Between July and December, refugee parents desperately need to raise money to pay for school costs (including tuition fees for kindergartens) that will be refunded in December or January by the Student Financial Assistance Agency (SFAA). The parents are not begging for donations, but for bridging loans essentially guaranteed by the SFAA, as refunds may be made to donors’ accounts. The reason for this delay is questionable. It is a huge challenge to find donors. The process again raises doubts about policies that influence refugees’ mental health and enforce precarious livelihoods.
It is indeed unreasonable that the parents of refugee children are subjected to the annual (demeaning) routine of begging for cash to comply with the Education Bureau’s payment policies. Vision First urges the government to have SFAA liaise directly with the school to either release the funds upon enrollment in July, or issue wavers for approved refugee students. Similar arrangements are made by the Hospital Authority that does not require refugee to prepay medical costs.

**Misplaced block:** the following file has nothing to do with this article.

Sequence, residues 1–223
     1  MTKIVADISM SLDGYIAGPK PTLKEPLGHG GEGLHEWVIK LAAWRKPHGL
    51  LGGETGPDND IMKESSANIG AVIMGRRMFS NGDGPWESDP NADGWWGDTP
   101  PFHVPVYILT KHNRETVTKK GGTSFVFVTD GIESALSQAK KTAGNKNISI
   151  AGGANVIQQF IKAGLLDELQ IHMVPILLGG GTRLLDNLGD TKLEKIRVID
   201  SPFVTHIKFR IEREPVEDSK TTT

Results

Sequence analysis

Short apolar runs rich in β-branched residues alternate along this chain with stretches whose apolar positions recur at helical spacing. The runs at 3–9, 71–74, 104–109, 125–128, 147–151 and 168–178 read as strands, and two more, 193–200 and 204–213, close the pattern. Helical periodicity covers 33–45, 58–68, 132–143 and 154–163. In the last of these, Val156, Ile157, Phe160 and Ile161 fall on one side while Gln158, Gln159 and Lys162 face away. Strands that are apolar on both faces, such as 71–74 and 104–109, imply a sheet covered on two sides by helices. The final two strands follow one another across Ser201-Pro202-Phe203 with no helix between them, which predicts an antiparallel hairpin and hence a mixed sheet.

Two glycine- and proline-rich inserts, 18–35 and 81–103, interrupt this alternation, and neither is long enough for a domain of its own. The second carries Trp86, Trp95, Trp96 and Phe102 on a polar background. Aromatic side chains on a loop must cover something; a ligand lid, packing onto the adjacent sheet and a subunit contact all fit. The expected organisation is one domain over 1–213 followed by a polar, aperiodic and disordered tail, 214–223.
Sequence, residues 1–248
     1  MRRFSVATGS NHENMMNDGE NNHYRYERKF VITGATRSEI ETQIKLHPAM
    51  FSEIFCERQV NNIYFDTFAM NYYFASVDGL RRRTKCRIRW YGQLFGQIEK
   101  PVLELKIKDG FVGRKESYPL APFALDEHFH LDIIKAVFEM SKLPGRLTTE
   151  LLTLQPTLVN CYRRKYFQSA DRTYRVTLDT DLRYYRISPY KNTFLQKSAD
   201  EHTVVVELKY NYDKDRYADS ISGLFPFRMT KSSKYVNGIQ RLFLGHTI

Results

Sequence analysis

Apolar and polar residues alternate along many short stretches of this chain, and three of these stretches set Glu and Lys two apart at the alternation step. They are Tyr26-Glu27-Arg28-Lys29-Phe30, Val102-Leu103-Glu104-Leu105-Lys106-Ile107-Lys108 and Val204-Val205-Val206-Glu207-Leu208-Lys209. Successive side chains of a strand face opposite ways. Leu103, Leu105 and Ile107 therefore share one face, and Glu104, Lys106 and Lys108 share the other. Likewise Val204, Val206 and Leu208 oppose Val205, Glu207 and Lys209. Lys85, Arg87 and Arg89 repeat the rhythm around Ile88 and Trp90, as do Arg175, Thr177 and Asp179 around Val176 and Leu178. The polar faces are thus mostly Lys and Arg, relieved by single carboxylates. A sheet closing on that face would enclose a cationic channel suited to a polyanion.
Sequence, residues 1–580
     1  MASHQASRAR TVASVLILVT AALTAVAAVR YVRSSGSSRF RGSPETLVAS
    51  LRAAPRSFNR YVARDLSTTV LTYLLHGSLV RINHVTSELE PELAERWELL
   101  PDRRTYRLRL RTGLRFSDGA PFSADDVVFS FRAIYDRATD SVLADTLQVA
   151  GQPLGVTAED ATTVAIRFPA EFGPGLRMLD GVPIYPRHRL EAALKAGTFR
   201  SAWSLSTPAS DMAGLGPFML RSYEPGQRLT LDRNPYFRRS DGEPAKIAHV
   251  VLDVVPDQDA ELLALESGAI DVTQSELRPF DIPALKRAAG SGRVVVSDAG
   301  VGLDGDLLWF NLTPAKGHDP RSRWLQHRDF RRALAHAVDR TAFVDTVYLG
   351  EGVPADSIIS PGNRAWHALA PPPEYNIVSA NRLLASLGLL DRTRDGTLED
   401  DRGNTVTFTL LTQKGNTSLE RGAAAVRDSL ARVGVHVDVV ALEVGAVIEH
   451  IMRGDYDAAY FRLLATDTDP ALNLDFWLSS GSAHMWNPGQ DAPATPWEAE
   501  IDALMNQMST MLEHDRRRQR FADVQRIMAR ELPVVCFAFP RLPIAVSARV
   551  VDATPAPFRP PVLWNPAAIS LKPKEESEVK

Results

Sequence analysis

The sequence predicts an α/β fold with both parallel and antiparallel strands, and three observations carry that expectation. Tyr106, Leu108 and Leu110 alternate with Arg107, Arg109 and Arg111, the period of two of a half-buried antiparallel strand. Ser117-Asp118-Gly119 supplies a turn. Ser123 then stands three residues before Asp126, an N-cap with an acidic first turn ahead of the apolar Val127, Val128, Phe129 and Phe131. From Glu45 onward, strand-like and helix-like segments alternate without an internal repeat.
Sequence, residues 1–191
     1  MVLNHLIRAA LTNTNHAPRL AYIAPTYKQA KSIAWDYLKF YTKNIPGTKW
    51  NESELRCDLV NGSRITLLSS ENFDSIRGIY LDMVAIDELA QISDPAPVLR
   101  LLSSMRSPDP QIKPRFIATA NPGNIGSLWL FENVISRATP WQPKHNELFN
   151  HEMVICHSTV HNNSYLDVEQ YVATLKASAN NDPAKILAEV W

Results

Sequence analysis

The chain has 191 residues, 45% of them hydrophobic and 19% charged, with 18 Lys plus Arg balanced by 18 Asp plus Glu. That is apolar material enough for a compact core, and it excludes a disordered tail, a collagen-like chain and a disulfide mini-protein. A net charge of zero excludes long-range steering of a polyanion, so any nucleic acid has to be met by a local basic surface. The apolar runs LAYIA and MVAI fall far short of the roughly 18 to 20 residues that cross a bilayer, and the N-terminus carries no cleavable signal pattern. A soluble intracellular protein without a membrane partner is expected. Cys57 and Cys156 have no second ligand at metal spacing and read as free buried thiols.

Residents might find it acceptable to collect SFAA grants 4 to 5 months after school starts, but it is unfair for refugee parents who are prohibited from working, receive insufficient welfare assistance and cannot avail themselves of support from wider family, social and charitable networks.
If education is the right of every child, irrespective of immigration status, then Hong Kong Government should refrain from turning it into another deterrent mechanism that “drives refugees crazy”, as Abby put it.